Welcome back to the second semester of the school year (and welcome to all of our new study abroad students)! Whether you did absolutely nothing for a month or spent your time working or travelling, you’d probably still agree that it went by way faster than it should have. It is time to get our noses back to the grindstone and while we do, here are some tips to make the new semester lighter on the pocketbook.
If you have not purchased your textbooks for this semester yet, now is the time to get them – but perhaps not all of them. You may be able to skip buying some of the books off your reading list and save yourself the money. Talk to lecturers and older students to figure out which ones you really need to buy and which you can get by with checking out of the library for a couple weeks (or even skipping entirely!).
Once you know what you need to buy, be strategic about your purchases and you can save quite a significant sum of money. Always check the charity shops to see if they have some of your books; they often have copies of many textbooks donated by previous students, especially for arts courses, available for as little as £5 or £10. The library sometimes also has a few textbooks on the rolling cart of books for sale near the IT Support desk. Also poke around on Facebook looking for sales (though be careful buying a book sight-unseen), and don’t be shy about reaching out to students who took the course and may have a spare textbook lying around.
If you have exhausted the other resources and need to buy a textbook from Blackwell’s (the union bookshop), you can still get quite a bit of money off the price of a new book by selling back one of your old textbooks. Doing this will get you 50 per cent off the original price of the book in store credit, which you can then use toward the price of your new textbook.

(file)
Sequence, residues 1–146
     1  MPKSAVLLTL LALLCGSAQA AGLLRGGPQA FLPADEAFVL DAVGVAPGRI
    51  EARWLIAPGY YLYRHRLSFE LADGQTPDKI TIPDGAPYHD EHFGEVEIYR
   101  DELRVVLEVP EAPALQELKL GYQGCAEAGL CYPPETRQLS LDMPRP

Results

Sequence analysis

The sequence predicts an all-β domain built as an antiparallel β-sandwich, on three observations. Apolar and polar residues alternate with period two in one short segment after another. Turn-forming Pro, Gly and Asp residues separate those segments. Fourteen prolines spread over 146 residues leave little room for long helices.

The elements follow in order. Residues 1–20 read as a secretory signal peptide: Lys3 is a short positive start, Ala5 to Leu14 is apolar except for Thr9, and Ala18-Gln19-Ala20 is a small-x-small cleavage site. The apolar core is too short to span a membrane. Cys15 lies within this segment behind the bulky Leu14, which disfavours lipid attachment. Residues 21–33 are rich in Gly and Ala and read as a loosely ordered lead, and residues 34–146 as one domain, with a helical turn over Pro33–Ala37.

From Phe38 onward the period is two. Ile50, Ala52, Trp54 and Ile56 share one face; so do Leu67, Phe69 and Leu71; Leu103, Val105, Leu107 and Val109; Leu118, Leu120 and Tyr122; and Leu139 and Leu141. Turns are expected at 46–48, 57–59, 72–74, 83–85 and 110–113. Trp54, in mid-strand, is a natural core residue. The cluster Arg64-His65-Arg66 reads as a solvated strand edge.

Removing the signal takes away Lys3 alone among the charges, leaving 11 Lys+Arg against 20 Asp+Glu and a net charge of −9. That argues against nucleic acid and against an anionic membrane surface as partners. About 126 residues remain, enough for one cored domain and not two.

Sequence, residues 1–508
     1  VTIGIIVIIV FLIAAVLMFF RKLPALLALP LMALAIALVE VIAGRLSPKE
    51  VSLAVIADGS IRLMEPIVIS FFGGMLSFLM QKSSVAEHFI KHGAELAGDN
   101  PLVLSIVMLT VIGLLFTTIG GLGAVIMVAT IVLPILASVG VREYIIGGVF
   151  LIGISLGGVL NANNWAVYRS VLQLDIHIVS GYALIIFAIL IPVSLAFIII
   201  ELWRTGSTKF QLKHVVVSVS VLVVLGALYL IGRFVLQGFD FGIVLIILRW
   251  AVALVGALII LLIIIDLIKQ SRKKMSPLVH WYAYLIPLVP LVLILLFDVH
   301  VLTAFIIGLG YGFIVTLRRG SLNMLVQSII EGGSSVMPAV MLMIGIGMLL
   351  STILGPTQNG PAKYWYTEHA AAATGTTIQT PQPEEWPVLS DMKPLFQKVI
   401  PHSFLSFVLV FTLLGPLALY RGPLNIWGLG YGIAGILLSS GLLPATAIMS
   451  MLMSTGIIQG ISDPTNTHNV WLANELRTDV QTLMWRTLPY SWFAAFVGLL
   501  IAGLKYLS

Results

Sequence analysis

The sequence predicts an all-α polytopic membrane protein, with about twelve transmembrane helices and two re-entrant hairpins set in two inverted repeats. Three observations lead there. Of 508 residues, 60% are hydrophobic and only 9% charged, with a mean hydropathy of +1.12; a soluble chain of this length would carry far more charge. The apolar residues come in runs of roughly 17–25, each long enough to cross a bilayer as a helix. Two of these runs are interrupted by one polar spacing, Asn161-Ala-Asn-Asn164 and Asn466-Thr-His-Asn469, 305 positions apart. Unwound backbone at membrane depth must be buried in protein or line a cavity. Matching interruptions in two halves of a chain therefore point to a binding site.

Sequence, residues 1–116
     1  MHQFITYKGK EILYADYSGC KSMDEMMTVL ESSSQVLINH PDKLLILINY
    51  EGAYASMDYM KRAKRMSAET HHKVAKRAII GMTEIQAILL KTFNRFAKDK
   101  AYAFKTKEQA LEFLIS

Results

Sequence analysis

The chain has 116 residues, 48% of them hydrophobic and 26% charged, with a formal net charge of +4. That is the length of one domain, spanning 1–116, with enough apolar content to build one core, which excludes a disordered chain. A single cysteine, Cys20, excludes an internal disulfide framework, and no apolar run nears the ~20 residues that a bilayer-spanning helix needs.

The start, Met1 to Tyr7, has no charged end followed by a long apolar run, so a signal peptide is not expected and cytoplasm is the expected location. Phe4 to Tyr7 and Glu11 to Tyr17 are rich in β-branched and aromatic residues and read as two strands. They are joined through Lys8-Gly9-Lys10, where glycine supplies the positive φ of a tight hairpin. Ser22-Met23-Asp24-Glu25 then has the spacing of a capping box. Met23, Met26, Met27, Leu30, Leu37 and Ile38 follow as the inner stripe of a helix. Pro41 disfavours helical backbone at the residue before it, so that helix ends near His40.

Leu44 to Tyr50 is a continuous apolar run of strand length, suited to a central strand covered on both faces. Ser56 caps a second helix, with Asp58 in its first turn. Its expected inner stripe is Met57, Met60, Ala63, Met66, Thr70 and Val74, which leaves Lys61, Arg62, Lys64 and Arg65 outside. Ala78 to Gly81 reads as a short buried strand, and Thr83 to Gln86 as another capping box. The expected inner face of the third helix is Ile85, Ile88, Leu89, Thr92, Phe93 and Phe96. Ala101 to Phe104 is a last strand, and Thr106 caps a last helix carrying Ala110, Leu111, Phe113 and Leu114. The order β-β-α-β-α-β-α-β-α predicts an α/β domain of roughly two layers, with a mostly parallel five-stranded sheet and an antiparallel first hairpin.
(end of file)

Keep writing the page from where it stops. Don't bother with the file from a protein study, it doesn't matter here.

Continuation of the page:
Whether you can’t believe you forgot to pack an extra towel or you need to stock up on food, you’re almost certainly going to need to do a fair bit of shopping in the next few weeks. Before you order everything brand-new off of Amazon, though, try to minimise your costs with a few of these money-saving tips.
Just for starters, steer clear of Tesco as much as you can. It may be convenient, but you pay for that convenience. Aldi and Morrison’s may be out in “the Badlands,” but walking over there at least once in a while not only saves you some cash but is probably also good for your health. To make it more pleasant, try walking to Aldi via Lade Braes. Most of the walk consists of a stroll through the woods, which is very lovely.
Another way to cut costs is paying the charity shops in town a visit. Not only can you find heavily discounted used textbooks, the shops also sell a very large variety of clothing (including ball gowns), home goods (I got a bathroom scale for £3.99), knick-knacks (very cute, though a bit superfluous) and more.
The easiest way to visit the largest number of charity shops in a single trip, starting from Sainsbury’s, is to start with Salvation Army on Church Street. Then take a right onto South Street and stay straight, wandering into whichever charity shops catch your eye (they will all be on the right side of the street). Take a right again onto Bell Street and walk down it, as it has a few more shops. The trip ends once you’re back on Market Street. You will end up at the intersection between the Union and Tesco.
It is hard to provide detailed instructions for applying to live in a flat, because it is a very complicated and stressful process. This is simply a reminder that if you are at all interested in moving out of halls next year, you really need to be getting your ducks in a row now.
At the bare minimum you need to know who you want to live with, what areas you want to stay in, and when the vacancies will become available for viewing and applications. You should also be aware of the laws governing the behaviour of landlords, so you know your rights not only during the application process but also while you live in your rented home next year. If you have questions about the process, the university and the union are both well-equipped to help you figure it out.